Picture in your mind's eye Gerry without Chet but with a dash more rhythm. Got it? Okay, that's not precisely what we have here (Holladay's temperament and purpose are quite unlike Mulligan's, for one thing) but the over-all feeling prevails. This is a pianoless quartet with conguero Ozzie Orengo sitting in for Chet on Sonny Rollins' lively samba, "St. Thomas," and Holladay playing baritone, bass clarinet ("Pas de Deux"), ashanti flute ("St. Thomas") and Ewe double bell. "Pas de Deux" and "Echoes" are adventurous spur-of-the-moment improvisations, the first pairing Holladay's bass clarinet with Wadopian's arco bass, the second involving the group as a whole with Holladay on baritone. The leader's name appears as composer on two of the tunes, the slow blues "Maqam" and the ballad "Sweetness and Light" - whose soft melody, although credited to Holladay, is almost note-for-note identical to "Before I Gaze at You" from Lerner and Loewe's Broadway smash, Camelot. As befits one who played with Mercer Ellington's orchestra, Holladay's baritone has a Carney-esque aspect, especially evident on "Maqam" and Duke's "Drop Me Off in Harlem." Completing the program are the standards "Makin' Whoopee" (played slowly to underscore its sensual nature) and "You Don't Know What Love Is," on both of which Holladay's deep baritone is featured. Tempos, except for "St. Thomas," are slow to medium, with meticulous improvisations by all hands and steadfast support from the rhythm section, especially the intrepid Wadopian. An impressive release by an old hand and former teacher who still has much to say to the younger generation.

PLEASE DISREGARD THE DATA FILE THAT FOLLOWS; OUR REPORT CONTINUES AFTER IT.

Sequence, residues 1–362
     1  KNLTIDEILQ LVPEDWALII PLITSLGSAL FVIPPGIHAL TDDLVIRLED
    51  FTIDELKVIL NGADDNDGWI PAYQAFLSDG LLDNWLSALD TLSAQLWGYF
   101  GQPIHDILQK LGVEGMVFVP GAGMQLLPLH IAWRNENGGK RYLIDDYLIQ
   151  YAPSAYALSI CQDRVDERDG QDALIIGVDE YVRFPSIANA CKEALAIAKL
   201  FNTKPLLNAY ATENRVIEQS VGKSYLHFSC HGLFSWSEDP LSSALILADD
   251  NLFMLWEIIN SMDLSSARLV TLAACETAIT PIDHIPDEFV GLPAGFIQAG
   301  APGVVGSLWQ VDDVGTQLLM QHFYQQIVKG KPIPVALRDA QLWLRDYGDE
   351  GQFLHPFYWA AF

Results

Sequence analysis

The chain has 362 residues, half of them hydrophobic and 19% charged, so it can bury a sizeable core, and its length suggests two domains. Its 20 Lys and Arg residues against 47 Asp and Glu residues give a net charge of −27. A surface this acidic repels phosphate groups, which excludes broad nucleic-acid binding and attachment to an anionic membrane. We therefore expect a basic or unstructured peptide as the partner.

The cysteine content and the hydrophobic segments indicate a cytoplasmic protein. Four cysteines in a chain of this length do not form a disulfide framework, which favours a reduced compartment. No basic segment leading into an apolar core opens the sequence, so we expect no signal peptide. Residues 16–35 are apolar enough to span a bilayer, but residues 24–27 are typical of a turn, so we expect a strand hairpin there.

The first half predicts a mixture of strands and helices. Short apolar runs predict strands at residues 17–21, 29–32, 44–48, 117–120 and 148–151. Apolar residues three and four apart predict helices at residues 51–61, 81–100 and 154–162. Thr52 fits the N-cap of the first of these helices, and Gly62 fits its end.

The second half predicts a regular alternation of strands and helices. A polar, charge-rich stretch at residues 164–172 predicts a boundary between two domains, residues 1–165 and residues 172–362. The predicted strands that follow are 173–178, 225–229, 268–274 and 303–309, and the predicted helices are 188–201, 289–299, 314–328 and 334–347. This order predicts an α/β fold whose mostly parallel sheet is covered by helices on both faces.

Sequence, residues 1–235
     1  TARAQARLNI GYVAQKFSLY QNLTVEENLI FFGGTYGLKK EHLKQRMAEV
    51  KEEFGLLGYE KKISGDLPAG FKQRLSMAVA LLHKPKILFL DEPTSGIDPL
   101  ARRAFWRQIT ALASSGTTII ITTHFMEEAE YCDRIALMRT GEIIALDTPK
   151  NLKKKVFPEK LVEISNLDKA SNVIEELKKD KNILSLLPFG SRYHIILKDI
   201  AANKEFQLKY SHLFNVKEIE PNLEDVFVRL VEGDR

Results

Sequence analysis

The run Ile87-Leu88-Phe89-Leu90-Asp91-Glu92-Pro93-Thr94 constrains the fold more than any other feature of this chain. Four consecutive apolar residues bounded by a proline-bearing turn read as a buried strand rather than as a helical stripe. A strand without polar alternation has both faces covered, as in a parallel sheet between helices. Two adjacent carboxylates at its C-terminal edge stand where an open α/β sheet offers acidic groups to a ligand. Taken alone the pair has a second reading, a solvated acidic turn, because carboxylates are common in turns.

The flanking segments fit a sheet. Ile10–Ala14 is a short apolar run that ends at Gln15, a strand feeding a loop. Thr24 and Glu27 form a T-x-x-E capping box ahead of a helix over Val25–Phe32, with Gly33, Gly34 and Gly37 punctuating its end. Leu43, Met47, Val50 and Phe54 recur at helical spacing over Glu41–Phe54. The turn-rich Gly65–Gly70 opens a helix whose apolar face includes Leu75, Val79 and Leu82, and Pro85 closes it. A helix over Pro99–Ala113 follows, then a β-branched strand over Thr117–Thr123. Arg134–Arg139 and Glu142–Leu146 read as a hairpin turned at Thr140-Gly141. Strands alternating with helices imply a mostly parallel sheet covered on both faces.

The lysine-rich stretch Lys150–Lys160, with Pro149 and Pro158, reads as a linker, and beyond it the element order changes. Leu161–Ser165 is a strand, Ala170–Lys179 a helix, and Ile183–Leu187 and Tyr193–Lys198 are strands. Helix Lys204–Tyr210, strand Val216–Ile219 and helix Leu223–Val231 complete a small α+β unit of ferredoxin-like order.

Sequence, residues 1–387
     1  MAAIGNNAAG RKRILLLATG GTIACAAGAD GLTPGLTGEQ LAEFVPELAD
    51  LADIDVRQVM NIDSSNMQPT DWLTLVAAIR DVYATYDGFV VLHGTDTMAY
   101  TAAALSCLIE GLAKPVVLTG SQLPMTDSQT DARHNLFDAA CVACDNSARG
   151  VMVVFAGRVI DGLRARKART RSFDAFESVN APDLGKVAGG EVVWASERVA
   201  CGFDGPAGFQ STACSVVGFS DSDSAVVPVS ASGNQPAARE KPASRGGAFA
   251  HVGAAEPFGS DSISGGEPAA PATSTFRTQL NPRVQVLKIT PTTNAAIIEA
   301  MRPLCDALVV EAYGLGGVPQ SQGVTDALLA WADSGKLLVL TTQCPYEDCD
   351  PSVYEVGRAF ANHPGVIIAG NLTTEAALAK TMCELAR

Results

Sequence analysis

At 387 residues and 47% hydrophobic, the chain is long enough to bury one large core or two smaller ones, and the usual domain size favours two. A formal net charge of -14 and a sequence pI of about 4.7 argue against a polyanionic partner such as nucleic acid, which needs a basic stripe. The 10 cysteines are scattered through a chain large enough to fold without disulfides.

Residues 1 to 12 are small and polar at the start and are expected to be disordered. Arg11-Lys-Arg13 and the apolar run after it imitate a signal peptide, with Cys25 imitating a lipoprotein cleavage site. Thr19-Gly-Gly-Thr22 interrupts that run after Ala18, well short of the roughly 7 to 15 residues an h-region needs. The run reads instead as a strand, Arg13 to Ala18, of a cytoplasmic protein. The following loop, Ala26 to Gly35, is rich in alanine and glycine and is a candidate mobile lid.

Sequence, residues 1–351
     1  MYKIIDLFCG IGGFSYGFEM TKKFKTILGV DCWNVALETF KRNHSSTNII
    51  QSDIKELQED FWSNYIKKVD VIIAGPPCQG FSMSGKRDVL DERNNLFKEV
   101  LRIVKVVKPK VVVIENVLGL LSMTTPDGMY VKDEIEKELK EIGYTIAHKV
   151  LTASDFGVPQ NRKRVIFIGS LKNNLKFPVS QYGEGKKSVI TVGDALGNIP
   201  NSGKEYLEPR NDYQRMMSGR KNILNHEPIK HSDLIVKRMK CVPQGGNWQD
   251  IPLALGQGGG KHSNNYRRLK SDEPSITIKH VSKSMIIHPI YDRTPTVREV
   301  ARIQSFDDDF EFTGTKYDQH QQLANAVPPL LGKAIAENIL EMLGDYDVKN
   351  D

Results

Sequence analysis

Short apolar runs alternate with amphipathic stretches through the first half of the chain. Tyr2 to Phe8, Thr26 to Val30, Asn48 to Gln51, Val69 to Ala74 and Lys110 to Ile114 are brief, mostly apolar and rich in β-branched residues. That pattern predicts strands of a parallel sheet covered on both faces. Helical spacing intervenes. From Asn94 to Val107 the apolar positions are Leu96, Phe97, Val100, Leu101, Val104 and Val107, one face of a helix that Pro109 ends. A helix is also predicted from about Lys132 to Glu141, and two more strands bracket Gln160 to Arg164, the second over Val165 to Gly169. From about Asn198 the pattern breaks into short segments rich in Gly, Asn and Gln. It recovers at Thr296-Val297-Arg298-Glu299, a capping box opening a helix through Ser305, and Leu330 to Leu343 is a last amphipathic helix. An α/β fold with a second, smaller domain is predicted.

Making Whoopee; St. Thomas; Pas de Deux; Maqam; Drop Me Off in Harlem; You Don't Know What Love Is; Echoes; Sweetness and Light (53:52).
I love jazz because it's sophisticated, international, atmospheric yet free, cool and warm.
I was first exposed to jazz through the sultry voice and flawless swing of my mother.
I met Mark Murphy, David Linx, Kurt Elling, and Youn Sun Nah.
The best show I ever attended was Youn Sun Nah in Paris.
The first jazz record I bought was Native Dancer by Wayne Shorter and Milton Nascimento
My advice to new listeners: open your mind and your ears, forget about structure, feel the textures.
Go see live music and keep buying CDs!